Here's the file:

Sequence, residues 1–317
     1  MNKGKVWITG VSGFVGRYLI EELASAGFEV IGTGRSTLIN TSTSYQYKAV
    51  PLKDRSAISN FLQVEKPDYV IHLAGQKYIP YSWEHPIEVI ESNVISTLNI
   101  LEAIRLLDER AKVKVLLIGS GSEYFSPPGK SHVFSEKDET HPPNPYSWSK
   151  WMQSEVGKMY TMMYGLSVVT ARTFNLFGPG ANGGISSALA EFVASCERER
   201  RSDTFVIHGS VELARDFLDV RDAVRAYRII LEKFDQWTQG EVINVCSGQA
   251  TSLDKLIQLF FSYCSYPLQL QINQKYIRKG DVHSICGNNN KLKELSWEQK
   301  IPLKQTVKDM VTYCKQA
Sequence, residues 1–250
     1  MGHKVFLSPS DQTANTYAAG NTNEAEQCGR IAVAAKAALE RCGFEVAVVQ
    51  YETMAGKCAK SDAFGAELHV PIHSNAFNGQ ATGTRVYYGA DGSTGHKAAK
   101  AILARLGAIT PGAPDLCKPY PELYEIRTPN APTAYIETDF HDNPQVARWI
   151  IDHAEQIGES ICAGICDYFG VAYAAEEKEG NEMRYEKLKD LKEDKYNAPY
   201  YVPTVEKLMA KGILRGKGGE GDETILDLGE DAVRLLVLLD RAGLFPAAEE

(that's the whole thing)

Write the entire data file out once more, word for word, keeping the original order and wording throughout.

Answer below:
Sequence, residues 1–317
     1  MNKGKVWITG VSGFVGRYLI EELASAGFEV IGTGRSTLIN TSTSYQYKAV
    51  PLKDRSAISN FLQVEKPDYV IHLAGQKYIP YSWEHPIEVI ESNVISTLNI
   101  LEAIRLLDER AKVKVLLIGS GSEYFSPPGK SHVFSEKDET HPPNPYSWSK
   151  WMQSEVGKMY TMMYGLSVVT ARTFNLFGPG ANGGISSALA EFVASCERER
   201  RSDTFVIHGS VELARDFLDV RDAVRAYRII LEKFDQWTQG EVINVCSGQA
   251  TSLDKLIQLF FSYCSYPLQL QINQKYIRKG DVHSICGNNN KLKELSWEQK
   301  IPLKQTVKDM VTYCKQA
Sequence, residues 1–250
     1  MGHKVFLSPS DQTANTYAAG NTNEAEQCGR IAVAAKAALE RCGFEVAVVQ
    51  YETMAGKCAK SDAFGAELHV PIHSNAFNGQ ATGTRVYYGA DGSTGHKAAK
   101  AILARLGAIT PGAPDLCKPY PELYEIRTPN APTAYIETDF HDNPQVARWI
   151  IDHAEQIGES ICAGICDYFG VAYAAEEKEG NEMRYEKLKD LKEDKYNAPY
   201  YVPTVEKLMA KGILRGKGGE GDETILDLGE DAVRLLVLLD RAGLFPAAEE